Today we chat to Lisa, a Russian born woman living in San Francisco, CA. She’s a self-taught plant-based chef, recipe creator and vegan lifestyle coach. We chat about her staggered transition to veganism, hosting plant-based BBQs and how you can veganise anything.
How long have you been vegan?
It’s been about 2 years since both me and my partner (who ‘couldn’t live without cheese’) went fully plant-based. It’s hard to mark a specific date as our transition was very smooth. We literally started by cutting all the crap out of our diets little by little.
What was your diet like before veganism?
My journey towards plant-based lifestyle started over 7 years ago. I used to live in a place that would stock a huge communal kitchen with all sorts of food items, vegetarian and vegan ones among them. When you have all the food readily laying around it can spoil you a little. I found my diet started shifting towards unhealthy things like gross frozen burritos and canned soups. And one morning I decided to swap a nasty beef burrito for a sandwich with veggie slices from Fieldroast. Fieldroast definitely won. That gross half-defrosted bland thing flew right into the trash. Quitting meat was easy.
Then I met my life partner who ate meat but otherwise was trying to eat healthy and was very adventurous when it comes to food, so we shared our passion for cooking. At first I gave in and went back to eating meat because the dishes he was making for me then were amazing.
Then slowly but surely within 2 years, we quit meat but were pescatarian for another couple years. But even then we’d stop using milk and butter and try to move towards healthier options. I guess it would help to mention that we’ve lost 40+ pounds each during the transition.
When you have all the food readily laying around it can spoil you a little.
What was the tipping point that made you go vegan?
My real tipping point was when I quit eating fish and seafood. That day I remember well. I am a very sensitive and emotional person. So one day we went to our regular grocery store and passed a live seafood section. Among regular crabs, mussels and lobsters there was a box of live frogs. Which of course looked pretty odd already but one of them was also missing an eye and that view just broke my heart and made me cry.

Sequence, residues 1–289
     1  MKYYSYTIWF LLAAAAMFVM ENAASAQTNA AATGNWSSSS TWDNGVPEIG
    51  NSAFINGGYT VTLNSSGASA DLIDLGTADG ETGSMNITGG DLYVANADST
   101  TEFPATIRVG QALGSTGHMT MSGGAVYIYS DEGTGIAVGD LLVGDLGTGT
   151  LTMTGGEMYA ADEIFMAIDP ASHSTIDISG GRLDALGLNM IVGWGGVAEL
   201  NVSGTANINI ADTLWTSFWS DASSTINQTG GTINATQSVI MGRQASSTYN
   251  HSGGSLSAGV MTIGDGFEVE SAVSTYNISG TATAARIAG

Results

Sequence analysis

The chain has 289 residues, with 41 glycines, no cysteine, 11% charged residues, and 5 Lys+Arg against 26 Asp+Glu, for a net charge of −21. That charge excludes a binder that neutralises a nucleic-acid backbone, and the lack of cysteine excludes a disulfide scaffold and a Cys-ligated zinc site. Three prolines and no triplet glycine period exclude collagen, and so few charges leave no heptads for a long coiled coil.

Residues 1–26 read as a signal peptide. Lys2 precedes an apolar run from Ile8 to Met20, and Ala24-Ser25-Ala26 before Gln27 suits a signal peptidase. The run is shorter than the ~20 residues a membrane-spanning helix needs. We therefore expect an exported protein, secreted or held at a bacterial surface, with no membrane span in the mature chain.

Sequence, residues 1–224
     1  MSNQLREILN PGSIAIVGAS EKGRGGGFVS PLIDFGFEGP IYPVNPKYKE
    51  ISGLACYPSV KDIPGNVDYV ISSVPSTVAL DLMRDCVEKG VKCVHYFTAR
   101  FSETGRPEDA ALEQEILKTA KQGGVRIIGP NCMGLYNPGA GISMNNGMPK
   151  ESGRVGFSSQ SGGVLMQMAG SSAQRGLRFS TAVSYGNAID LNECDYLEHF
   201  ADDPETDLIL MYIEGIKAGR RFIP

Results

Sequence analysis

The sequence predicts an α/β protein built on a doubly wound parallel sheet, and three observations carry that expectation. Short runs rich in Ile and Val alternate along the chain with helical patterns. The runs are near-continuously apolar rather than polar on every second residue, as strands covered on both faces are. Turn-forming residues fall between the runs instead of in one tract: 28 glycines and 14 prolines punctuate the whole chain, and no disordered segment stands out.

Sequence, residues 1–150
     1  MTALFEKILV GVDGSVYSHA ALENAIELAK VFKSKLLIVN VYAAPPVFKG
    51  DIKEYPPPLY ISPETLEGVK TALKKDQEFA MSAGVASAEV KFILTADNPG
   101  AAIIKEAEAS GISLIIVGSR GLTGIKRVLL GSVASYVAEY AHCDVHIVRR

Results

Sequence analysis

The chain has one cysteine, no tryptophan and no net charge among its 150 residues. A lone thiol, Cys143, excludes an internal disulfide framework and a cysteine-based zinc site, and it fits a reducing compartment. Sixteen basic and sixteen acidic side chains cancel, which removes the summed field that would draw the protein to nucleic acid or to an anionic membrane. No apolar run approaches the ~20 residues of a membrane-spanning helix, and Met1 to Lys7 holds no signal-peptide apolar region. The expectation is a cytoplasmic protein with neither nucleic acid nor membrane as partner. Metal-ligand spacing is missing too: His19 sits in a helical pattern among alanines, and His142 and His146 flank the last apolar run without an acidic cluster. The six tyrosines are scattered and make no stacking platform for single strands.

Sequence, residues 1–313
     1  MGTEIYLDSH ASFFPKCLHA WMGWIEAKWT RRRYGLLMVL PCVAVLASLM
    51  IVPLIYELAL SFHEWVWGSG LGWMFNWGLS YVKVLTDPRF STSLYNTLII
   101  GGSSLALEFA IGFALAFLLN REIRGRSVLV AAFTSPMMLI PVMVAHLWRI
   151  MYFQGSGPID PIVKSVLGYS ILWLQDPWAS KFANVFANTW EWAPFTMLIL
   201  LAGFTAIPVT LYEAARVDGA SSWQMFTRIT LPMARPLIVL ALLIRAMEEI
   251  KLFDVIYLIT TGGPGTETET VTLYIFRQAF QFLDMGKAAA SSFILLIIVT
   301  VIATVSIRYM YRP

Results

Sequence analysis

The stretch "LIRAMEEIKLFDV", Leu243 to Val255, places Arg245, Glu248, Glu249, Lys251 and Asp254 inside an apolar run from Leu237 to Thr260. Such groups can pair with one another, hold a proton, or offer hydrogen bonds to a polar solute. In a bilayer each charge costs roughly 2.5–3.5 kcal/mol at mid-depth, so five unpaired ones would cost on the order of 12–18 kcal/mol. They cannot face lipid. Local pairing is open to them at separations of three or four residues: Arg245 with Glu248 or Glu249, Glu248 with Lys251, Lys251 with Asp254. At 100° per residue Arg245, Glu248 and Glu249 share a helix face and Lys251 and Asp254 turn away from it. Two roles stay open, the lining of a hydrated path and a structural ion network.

There’s no difference when you are eating living creatures. Life is life, they all suffer and struggle the same. It felt like that little bit of meat you get on the legs wasn’t worth killing a whole frog, you know? I have also been against food waste pretty much all my life and eating seafood always felt terrible for the fact that only little parts of the animal get eaten and the rest is simply discarded. What a waste of an innocent life!
Did you have a supportive network of family and friends around you? Are any of them vegan?
I guess this one is already partially answered. I am feeling pretty blessed on this part. Me and my partner are vegan, also all of my friends love our cooking. Some are vegan, some are vegetarian and others are starting to change their diets because they see all the wonderful alternatives. We often host all plant-based BBQs and parties, and about half the people are omnis/flexitarians. It is truly inspiring.
What did you think you’d miss the most, if anything?
Cheese and seafood. But it can all be veganised.
Did you have any slip ups in the first month?
I’ve had a lengthy transition so I don’t call them slip ups, it’s all part of a journey and if there were no other options, or if I had a craving, I would eat ‘forbidden’ foods.
I only fully quit things when I’m ready with all my heart and know exactly why I’m doing it. And to tell you the truth I can’t even say that anything is forbidden anymore. It’s just truly unnecessary and easily replaceable. And veganising dishes from all over the world has been a fun challenge that feeds my creativity. Basically there’s a secret to trick somebody like me into going vegan – tell them they can’t do something and they will.
Basically there’s a secret to trick somebody like me into going vegan – tell them they can’t do something and they will.
Did you notice any changes as a result of your new lifestyle?
Since my transition was slow, probably nothing in the first month. But over time my skin got a lot better. I’ve been struggling with that all my life and it was part of my motivation to quit dairy. Weight loss too but I gained a lot of it back having to sit at work all day. And yeah, blame vegan junk food. It’s just so damn tasty! Well whatever, at least all my fat is good kind of fat. *chuckles* Anyways, getting more active and healthy is on my agenda.
What do you wish you’d known then that you know now?
It’s not much about knowing I guess as about having time and ability to try new recipes. I feel like I’ve learned everything at an appropriate time and finally I am at the point of my life when I can turn my passion into a source of income. Of course I wish I became vegan earlier, but we all move at our own pace so I regret nothing.
What are your plans for the future?
Vegan cooking is definitely something I want to start doing for a living, so more people can find out that plant-based food is not only good for you, but also super delicious. Me and my partner have been coming up with crazy ideas on how to veganise this and that for many years. So now we’re making our own vegan cheeses, seafood replacements, seitan etc., and we want to start a business. Ideally a vegan deli/sandwich shop.
Check out Lisa’s Instagram for ever more amazing food pictures to make you drool.
And while you’re here, why not read the rest of our 31 Vegans’ First 31 Days stories?